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Bird Neighbors   By: (1865-1918)

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Bird Neighbors

by Neltje Blanchan

Etext prepared by Gerry Rising of Buffalo, NY. Notes [in brackets] are the American Ornithologists Union bird names as of 1998.

BIRD NEIGHBORS. An Introductory Acquaintance With One Hundred and Fifty Birds Commonly Found in the Gardens, Meadows, and Woods About Our Homes

By NELTJE BLANCHAN

INTRODUCTION BY JOHN BURROUGHS 1897, 1904, 1922

TABLE OF CONTENTS

INTRODUCTION BY JOHN BURROUGHS

PREFACE I. BIRD FAMILIES: Their Characteristics and the Representatives of Each Family included in "Bird Neighbors" II. HABITATS OF BIRDS III. SEASONS OF BIRDS IV. BIRDS GROUPED ACCORDING TO SIZE V. DESCRIPTIONS OF BIRDS GROUPED ACCORDING TO COLOR Birds Conspicuously Black Birds Conspicuously Black and White Dusky, Gray, and Slate colored Birds Blue and Bluish Birds Brown, Olive or Grayish Brown, and Brown and Gray Sparrowy Birds Green, Greenish Gray, Olive, and Yellowish O1ive Birds Birds Conspicuously Yellow and Orange Birds Conspicuously Red of any Shade

INTRODUCTION

I write these few introductory sentences to this volume only to second so worthy an attempt to quicken and enlarge the general interest in our birds. The book itself is merely an introduction, and is only designed to place a few clews in the reader's hands which he himself or herself is to follow up. I can say that it is reliable and is written in a vivacious strain and by a real bird lover, and should prove a help and a stimulus to any one who seeks by the aid of its pages to become better acquainted with our songsters. The various grouping of the birds according to color, season, habitat, etc., ought to render the identification of the birds, with no other weapon than an opera glass, an easy matter.

When I began the study of the birds I had access to a copy of Audubon, which greatly stimulated my interest in the pursuit, but I did not have the opera glass, and I could not take Audubon with me on my walks, as the reader may this volume.

But you do not want to make out your bird the first time; the book or your friend must not make the problem too easy for you. You must go again and again, and see and hear your bird under varying conditions and get a good hold of several of its characteristic traits. Things easily learned are apt to be easily forgotten. Some ladies, beginning the study of birds, once wrote to me, asking if I would not please come and help them, and set them right about certain birds in dispute. I replied that that would be getting their knowledge too easily; that what I and any one else told them they would be very apt to forget, but that the things they found out themselves they would always remember. We must in a way earn what we have or keep. Only thus does it become ours, a real part of us.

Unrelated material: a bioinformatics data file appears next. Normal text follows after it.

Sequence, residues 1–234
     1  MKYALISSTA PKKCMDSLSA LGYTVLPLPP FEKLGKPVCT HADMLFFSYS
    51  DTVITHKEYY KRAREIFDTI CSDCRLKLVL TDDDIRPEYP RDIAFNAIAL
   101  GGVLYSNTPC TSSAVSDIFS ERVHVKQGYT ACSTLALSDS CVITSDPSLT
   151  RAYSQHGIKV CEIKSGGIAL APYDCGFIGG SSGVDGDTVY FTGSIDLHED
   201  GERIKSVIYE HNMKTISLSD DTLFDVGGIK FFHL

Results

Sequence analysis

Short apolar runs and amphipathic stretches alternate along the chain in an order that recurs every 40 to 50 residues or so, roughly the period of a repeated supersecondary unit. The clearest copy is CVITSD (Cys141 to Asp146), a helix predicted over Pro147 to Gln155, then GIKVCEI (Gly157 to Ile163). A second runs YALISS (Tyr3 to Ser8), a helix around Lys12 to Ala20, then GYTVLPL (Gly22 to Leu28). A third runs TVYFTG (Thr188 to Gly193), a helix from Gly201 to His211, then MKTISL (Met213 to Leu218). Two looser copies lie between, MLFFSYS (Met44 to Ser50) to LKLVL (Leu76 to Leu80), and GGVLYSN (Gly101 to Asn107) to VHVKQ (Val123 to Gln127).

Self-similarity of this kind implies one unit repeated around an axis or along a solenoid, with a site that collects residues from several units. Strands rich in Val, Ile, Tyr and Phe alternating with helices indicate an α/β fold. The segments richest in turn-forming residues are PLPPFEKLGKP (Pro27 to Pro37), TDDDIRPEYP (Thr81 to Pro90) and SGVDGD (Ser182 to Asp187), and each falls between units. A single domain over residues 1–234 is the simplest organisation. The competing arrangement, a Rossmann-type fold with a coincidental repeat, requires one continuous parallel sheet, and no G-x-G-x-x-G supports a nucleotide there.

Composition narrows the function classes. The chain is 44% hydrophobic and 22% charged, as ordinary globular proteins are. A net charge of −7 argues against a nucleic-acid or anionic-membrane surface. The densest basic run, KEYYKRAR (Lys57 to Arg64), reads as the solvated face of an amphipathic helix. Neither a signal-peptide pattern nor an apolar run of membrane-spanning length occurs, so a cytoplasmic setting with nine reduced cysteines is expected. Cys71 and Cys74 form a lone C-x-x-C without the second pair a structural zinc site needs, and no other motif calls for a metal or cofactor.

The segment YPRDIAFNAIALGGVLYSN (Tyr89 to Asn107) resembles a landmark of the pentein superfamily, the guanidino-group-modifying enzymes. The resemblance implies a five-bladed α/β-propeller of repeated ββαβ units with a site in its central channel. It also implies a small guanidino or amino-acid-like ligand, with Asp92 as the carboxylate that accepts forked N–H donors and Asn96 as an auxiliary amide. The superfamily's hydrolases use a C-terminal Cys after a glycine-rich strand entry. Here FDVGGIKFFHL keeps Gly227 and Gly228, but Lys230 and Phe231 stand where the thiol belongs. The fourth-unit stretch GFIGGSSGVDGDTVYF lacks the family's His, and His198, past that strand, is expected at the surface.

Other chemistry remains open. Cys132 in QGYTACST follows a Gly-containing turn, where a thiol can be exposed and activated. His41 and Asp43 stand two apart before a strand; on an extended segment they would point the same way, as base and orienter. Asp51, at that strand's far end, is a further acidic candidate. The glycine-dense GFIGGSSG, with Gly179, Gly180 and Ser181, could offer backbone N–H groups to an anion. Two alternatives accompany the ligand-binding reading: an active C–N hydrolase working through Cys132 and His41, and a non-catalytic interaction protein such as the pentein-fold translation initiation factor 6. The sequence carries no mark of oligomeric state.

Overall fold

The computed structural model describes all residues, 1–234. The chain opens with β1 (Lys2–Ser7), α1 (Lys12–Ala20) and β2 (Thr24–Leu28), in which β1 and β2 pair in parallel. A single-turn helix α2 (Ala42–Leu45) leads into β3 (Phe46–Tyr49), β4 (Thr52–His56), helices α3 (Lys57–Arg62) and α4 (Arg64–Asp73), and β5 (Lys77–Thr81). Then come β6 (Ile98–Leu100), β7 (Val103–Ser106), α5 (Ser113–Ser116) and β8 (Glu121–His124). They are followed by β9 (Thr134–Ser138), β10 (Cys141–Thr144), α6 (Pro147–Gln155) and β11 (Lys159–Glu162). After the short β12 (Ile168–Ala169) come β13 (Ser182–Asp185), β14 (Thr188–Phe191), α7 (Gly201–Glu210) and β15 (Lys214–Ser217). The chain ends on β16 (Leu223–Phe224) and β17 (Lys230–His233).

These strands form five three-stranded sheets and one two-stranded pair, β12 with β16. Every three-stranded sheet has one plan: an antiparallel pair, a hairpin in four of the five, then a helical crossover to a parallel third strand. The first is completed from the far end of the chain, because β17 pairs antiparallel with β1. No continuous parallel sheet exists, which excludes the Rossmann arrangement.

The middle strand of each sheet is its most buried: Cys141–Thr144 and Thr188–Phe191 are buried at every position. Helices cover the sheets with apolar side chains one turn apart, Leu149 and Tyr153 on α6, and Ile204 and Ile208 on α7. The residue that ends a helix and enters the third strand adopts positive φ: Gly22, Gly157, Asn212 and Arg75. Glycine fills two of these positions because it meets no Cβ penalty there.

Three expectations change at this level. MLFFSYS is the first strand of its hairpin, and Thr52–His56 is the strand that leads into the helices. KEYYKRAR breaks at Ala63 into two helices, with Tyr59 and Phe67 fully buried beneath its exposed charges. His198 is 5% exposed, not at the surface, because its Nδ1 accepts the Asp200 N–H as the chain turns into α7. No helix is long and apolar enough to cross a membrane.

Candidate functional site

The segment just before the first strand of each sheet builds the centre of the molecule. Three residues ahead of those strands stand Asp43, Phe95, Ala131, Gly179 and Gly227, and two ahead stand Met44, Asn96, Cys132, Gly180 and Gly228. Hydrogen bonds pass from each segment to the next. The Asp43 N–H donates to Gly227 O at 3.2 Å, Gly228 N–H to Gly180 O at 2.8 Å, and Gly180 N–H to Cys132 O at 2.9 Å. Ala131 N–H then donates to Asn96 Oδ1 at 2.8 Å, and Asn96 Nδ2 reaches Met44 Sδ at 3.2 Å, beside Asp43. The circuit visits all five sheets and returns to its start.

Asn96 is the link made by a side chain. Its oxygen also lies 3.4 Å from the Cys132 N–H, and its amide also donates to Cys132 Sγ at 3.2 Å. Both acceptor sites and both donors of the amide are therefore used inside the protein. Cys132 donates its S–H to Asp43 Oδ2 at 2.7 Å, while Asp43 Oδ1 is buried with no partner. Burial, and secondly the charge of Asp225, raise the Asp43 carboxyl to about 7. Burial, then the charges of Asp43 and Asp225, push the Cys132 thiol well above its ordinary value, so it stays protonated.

Not very long afterward I had the pleasure of walking with one of the ladies, and I found her eye and ear quite as sharp as my own, and that she was in a fair way to conquer the bird kingdom without any outside help. She said that the groves and fields, through which she used to walk with only a languid interest, were now completely transformed to her and afforded her the keenest pleasure; a whole new world of interest had been disclosed to her; she felt as if she was constantly on the eve of some new discovery; the next turn in the path might reveal to her a new warbler or a new vireo. I remember the thrill she seemed to experience when I called her attention to a purple finch singing in the tree tops in front of her house, a rare visitant she had not before heard. The thrill would of course have been greater had she identified the bird without my aid. One would rather bag one's own game, whether it be with a bullet or an eyebeam.

The experience of this lady is the experience of all in whom is kindled this bird enthusiasm. A new interest is added to life; one more resource against ennui and stagnation... Continue reading book >>




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